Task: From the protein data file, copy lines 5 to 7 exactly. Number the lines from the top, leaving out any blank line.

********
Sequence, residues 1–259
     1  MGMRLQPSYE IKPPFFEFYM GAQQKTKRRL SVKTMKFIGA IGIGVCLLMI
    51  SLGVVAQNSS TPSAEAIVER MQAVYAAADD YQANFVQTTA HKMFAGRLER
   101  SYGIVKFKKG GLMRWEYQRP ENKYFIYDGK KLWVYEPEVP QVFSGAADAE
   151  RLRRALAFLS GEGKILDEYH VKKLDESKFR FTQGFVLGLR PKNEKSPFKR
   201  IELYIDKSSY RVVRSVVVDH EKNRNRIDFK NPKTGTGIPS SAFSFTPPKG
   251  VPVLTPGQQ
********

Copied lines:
   151  RLRRALAFLS GEGKILDEYH VKKLDESKFR FTQGFVLGLR PKNEKSPFKR
   201  IELYIDKSSY RVVRSVVVDH EKNRNRIDFK NPKTGTGIPS SAFSFTPPKG
   251  VPVLTPGQQ